4 Lessons Learnt By Changing My Market Offering 4x In 4 Quarters

Manuel Hartmann
Jan 8 · 4 min read
In my cases “Next 4 Quarters”. Photo by Fabien Bazanegue on Unsplash

It is now a good 10 months ago since I started my company and I am looking back on what as a professional was definitely the most challenging, but also rewarding period of my working life. After the operational launch in March 2019, I had the pleasure (and probably a decent portion of luck) to build the company from 0 to 30+ customers, CHF 130k+ bookings and CHF 90k+ bookings within less than 12 months.

Sounds straightforward, but involved quite a few business model changes. Let me first share the 4 iterations I went through between 03/2019 and 01/2020 and then explain why I thought it was the right thing to do for startups and what I learnt along the way.


https://hartmannventures.com 1.1 (Q2/Q3 2019): Entrepreneurial, operational sales support
Nearly every startup lacks sales capacity, and I felt like I could help. This resulted in a creative mix of hands-on lead generation and outreach, sales enablement workshops, provision of on-the-fly created templates and sales sparring sessions.

https://hartmannventures.com 1.2 (Q3/Q4 2019): Entrepreneurial sales support
The “operational” part needed to go to focus on high value sales support. And frankly, living costs in Zurich do not mix well with expected costs for email mining and similar tasks that people can also outsource to low-cost countries.

https://thesalesplaybook.io — SaaS (Q4 2019 — ongoing): Software-as-a-service web application
I wrote the same questions, templates and processes on whiteboards in customer workshops and was looking for a way I was looking for a way to providing this content to startups independently of me. I therefore built a Progressive Web App to achieve this at 0 marginal costs and therefore make my offering even more affordable.

https://thesalesplaybook.io/accelerator — Sales Accelerator (Q1 2020 — ongoing): 6-Month Programme
A pure service offering is not that scalable. A pure SaaS offering is hard to build out to generate 6-digit annual revenues within months without external funding. “Man + Machine” still seems to be the best combination today to generate tangible business value for B2B startups.


Now over to the 4 in the headline promised Lessons Learnt of changing my market offering 4 times.

Working with startups works
Early 2019, were 3 central questions: 1) Do startups need help?, 2) Can I help them? And 3) Will I be able to support a family within 18 months after launch? My thoughts were 1) YES!, 2) I really think so and 3) I am honestly curious about that myself…

“But startups have no money! They will not pay their bills! They do not know what they are doing! You will struggle to ever make a living! Why the hell do you not work with SMEs and/or corporates?!”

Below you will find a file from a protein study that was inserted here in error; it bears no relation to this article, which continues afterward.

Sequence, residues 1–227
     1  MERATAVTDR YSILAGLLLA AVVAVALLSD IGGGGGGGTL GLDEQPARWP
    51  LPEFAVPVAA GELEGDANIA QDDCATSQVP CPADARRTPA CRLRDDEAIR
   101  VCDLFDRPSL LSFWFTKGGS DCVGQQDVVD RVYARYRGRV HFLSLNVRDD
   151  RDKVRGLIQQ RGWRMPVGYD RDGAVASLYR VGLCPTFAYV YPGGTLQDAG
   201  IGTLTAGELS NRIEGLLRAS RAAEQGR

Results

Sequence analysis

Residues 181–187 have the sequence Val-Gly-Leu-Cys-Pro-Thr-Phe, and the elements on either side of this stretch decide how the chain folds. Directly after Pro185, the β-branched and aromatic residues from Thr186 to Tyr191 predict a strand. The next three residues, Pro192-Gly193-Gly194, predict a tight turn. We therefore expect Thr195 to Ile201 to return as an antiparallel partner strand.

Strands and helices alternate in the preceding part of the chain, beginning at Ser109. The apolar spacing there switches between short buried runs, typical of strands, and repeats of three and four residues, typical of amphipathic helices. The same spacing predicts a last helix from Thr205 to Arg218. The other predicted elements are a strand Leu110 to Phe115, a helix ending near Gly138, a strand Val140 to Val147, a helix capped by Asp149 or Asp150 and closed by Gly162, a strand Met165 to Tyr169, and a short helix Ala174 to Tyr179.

These were arguments I heard often from friends, colleagues, and actually also startups. Making >CHF 90’000 revenue in Year 1 helped silence the voices a fair bit. Also, the internal ones telling you 1–10x per day you will go bankrupt.

Focus relentlessly on customer value
My north star is to help Swiss B2B startups succeed in their mission to change the world for the better.

How I do that, I do not care THAT much about. Which is why I might update my market offering some more in 2020. I am looking forward to the further journey of continuous iteration, validation, learning and adaptation to make sure my offering constantly improves — every day 1% would be 37x better within 1 year right?

Avoid over-engineering
Yes, I herewith publicly admit: I wanted to build a 100% self-service, fancy Software-as-a-service application for a few years now. But launching the MVP on Day 1 with hierarchical levels, roles & responsibilities, Stripe integration and a beautiful UI was “maybe” a bit over-engineered.

But apart from the above, I appreciate the freedom to only pursue activities that add value for my customers, partners or myself to build a better a business and have 0 political, admin, social, governance or other Bullshit.

Entrepreneurship is awesome
Friend: “How is the company going Manuel?”
Me: “(A lot) better than expected to be honest!”
Friend: “Yes glad to hear, but will you get a (serious) job again sometime soon?”
Me: “Absolutely not!”

I have seen a fair share of company sizes and working modes in my 10 years in business at i.a. Tesla, Holcim, Accenture, WEF, ABB and several SMEs. Most people prefer larger organizations for many reasons (stability, community, belonging, internal learning, promotions, benefits, no closed feedback loops etc.).

But I really love the freedom, accountability and upside potential of being a “Solopreneur”. So no, I do not plan to apply for a normal job soon, but continue to build my company.

Stay tuned for more news in 2020 and looking forward to keeping in touch with you!

Welcome to a place where words matter. On Medium, smart voices and original ideas take center stage - with no ads in sight. Watch
Follow all the topics you care about, and we’ll deliver the best stories for you to your homepage and inbox. Explore
Get unlimited access to the best stories on Medium — and support writers while you’re at it. Just $5/month. Upgrade